xCas9: CRISPR gets easy-going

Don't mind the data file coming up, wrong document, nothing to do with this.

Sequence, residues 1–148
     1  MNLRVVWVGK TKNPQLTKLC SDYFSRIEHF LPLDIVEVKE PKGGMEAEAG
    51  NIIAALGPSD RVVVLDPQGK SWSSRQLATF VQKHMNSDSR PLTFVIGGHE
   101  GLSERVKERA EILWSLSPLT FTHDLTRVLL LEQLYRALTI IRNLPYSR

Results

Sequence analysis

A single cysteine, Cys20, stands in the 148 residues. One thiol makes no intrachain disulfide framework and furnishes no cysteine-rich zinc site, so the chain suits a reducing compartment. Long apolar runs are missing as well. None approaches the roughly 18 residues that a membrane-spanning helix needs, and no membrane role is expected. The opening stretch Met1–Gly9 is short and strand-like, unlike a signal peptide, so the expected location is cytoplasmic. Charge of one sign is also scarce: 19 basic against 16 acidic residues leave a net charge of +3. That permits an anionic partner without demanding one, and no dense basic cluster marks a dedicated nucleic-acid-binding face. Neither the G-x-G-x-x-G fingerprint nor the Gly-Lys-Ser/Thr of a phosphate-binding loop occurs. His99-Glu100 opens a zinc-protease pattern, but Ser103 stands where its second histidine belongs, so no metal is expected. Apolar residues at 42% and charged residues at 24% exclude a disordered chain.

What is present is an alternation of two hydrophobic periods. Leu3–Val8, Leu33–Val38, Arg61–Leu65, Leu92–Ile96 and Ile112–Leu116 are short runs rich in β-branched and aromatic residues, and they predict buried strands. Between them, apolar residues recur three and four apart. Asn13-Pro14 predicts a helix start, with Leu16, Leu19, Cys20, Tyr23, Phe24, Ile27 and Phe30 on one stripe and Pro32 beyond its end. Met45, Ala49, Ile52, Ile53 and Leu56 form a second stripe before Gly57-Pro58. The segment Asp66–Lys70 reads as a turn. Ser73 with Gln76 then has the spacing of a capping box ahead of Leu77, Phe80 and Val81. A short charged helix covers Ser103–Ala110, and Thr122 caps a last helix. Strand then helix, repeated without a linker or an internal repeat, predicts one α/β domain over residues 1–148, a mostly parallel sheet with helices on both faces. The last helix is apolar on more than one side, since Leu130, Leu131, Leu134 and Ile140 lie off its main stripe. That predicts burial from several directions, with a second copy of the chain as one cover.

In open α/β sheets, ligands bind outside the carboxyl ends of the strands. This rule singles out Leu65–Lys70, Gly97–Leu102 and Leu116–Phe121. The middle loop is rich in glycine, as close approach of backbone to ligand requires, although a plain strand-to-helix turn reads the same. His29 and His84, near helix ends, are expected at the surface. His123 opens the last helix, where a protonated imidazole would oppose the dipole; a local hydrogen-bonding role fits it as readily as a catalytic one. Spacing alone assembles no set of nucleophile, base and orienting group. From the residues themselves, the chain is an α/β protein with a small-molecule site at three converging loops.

pam sequenceCRISPR needs to anchor itself near a short sequence called PAM to do its job. In the book “Modern Prometheus” (Cambridge University Press) James Kozubek says a PAM is like a shoehorn, where the Cas9 nuclease begins to clasp down to recognize the right site and cut. In order to fit every gene, a super-adjustable shoehorn would be needed. Think of it as the equivalent of a bump key that can open any door. A Broad Institute group led by David Liu has almost reached the goal with xCas9, the new super-adjustable Cas9 variant described in Nature this week. Continue reading